Prediction data set validation

Descriptive statistics for the predicted PM2.5 values by geographic scale (county, ZIP code, and census tract) are provided in Supplementary Table 6 (for the 2008–2016 model) and Supplementary Table 7 (for the 2008–2018 model). Our metrics for comparing our model predictions to nearby observed monitors are shown in Table 4. When we consider only stable monitors (excluding monitors with less than 31 days of observations, 1% of the training data), the 2008–2018 model yields an RMSE of 5.6 μg/m3 and an R2 of 0.581; the 2008–2016 model yields an RMSE of 4.2 μg/m3 and an R2 of 0.696. When we include all observations, the 2008–2018 model yields an RMSE of 6.2 μg/m3 and an R2 of 0.643; the 2008–2016 model yields an RMSE of 5.1 μg/m3 and an R2 of 0.647.

Table 4 Performance metrics (RMSE and R2) comparing model predictions with the closest nearby PM2.5 monitoring observations.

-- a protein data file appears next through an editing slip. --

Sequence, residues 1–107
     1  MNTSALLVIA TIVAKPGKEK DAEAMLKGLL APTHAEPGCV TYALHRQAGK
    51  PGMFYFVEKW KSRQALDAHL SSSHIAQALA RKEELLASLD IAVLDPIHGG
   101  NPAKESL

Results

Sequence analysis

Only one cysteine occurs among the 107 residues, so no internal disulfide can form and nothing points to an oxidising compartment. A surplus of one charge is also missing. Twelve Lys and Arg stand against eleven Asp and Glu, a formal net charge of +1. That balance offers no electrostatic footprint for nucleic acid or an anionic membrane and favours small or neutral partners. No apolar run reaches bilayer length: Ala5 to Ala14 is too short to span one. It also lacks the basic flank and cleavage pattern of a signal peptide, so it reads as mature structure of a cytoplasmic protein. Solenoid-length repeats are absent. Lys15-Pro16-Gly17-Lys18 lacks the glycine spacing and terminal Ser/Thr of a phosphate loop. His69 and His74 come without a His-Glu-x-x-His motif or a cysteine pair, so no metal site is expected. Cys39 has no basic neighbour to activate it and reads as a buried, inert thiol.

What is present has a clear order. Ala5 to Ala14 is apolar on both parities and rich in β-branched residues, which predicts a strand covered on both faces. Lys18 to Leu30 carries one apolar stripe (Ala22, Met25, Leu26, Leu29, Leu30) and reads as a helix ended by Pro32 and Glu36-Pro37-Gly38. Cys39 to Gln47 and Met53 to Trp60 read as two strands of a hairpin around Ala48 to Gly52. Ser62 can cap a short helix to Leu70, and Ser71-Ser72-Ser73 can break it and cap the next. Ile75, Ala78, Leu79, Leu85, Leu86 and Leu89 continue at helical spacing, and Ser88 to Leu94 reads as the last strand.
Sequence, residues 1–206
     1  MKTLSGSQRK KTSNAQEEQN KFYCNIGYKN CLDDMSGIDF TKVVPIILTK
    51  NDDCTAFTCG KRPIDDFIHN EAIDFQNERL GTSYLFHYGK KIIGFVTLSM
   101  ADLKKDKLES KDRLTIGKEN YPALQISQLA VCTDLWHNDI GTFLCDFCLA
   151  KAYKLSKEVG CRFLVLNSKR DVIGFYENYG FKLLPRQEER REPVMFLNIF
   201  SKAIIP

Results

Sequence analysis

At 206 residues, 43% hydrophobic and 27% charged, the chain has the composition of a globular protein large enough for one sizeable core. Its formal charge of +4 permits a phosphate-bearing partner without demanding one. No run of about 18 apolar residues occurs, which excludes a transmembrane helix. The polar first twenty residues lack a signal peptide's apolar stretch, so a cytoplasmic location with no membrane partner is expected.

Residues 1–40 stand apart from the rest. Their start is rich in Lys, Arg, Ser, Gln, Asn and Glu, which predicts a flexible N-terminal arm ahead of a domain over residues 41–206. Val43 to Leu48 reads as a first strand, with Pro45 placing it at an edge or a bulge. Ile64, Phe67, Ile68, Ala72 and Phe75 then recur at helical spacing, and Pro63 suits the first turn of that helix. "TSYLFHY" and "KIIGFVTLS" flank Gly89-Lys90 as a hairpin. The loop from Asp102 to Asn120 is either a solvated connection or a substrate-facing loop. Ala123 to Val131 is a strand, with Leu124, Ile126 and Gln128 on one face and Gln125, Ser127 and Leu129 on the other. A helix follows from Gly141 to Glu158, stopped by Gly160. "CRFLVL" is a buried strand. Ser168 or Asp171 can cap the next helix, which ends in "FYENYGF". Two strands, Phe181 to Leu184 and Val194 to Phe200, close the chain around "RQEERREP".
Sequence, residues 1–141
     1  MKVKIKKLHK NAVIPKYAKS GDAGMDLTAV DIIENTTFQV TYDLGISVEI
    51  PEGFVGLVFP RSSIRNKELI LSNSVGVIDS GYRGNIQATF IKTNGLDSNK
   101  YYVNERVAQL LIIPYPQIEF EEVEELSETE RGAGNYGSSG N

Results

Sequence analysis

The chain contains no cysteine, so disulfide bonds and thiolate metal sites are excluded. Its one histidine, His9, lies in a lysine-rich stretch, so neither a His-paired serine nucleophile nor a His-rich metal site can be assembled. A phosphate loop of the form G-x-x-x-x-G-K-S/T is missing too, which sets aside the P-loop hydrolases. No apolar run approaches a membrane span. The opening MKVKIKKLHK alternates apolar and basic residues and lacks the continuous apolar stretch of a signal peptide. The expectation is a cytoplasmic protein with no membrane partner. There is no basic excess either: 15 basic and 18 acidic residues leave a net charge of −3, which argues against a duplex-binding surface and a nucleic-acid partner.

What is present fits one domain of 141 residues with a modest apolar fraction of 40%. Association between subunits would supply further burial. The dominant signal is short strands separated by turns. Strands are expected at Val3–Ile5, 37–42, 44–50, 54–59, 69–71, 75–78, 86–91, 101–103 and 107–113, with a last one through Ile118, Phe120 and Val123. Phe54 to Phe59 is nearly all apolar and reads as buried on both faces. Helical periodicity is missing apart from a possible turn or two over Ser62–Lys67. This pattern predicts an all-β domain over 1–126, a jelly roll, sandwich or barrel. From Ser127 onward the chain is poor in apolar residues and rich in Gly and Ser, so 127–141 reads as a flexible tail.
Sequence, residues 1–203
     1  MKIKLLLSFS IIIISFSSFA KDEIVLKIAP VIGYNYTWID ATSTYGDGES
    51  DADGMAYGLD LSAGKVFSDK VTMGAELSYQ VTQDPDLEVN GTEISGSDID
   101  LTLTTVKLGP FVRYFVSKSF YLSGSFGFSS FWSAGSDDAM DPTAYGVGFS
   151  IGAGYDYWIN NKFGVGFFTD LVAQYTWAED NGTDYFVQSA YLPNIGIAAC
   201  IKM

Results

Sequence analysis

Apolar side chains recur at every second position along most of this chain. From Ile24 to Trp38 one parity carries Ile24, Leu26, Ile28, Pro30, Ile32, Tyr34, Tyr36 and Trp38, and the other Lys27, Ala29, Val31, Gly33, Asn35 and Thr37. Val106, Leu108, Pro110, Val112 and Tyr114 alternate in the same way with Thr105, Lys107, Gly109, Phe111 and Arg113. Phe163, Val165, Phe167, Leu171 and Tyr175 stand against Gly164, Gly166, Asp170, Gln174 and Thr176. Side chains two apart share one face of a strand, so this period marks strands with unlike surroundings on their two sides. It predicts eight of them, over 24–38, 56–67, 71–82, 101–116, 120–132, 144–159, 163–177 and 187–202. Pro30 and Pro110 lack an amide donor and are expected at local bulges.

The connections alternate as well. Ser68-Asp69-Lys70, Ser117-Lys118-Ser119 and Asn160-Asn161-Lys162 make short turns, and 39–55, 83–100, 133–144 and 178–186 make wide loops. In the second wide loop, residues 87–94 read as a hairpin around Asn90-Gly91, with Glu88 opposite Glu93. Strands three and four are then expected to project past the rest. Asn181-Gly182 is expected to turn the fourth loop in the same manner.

To assess the temporal alignment of our predicted values with observed values, we plotted time series for predicted daily PM2.5 for a monitoring station within a major city in each state of our study domain compared to observations from the closest monitors (Figs. 58). The monitoring stations were selected for having the most continuous monitoring observations in a large city within each state, but we included two large cities for California because of its large population and geographic variability with regards to air pollution. From these plots, you can see that our model predictions depict the temporal variability in PM2.5 concentrations at monitoring stations nicely including the high values when they occur (most often during wildfire seasons) even for cities in which the air pollution during the most recent wildfire seasons have dwarfed the PM2.5 levels in previous wildfire seasons (e.g., San Francisco, Seattle). There is quite good agreement between the predictions (which are from the nearest prediction location (centroid of census tract, ZIP code, or county) to each selected monitoring location (R2 values range from 0.693 in Cheyenne, WY to 0.923 in Salt Lake City, UT, with all but three above 0.80). The RMSE values also vary, but these are more impacted by the range of PM2.5 values observed at a given location. The models predict worse at higher values, thus locations with more PM2.5 variability (mostly driven by high PM2.5 values during wildfire seasons) tend to have higher RMSE values (e.g., Missoula, Montana). It is important to note that these are predictions in our prediction data set (either census tract, ZIP code, or county centroid) that are nearest to the monitor and not at that exact location. In particular, the distances from the nearest prediction to the monitor in Santa Fe, New Mexico and Boise, Idaho were nearly an order of magnitude larger than the distances for each of the other cities, which contributed to their lower R2 and higher RMSE values.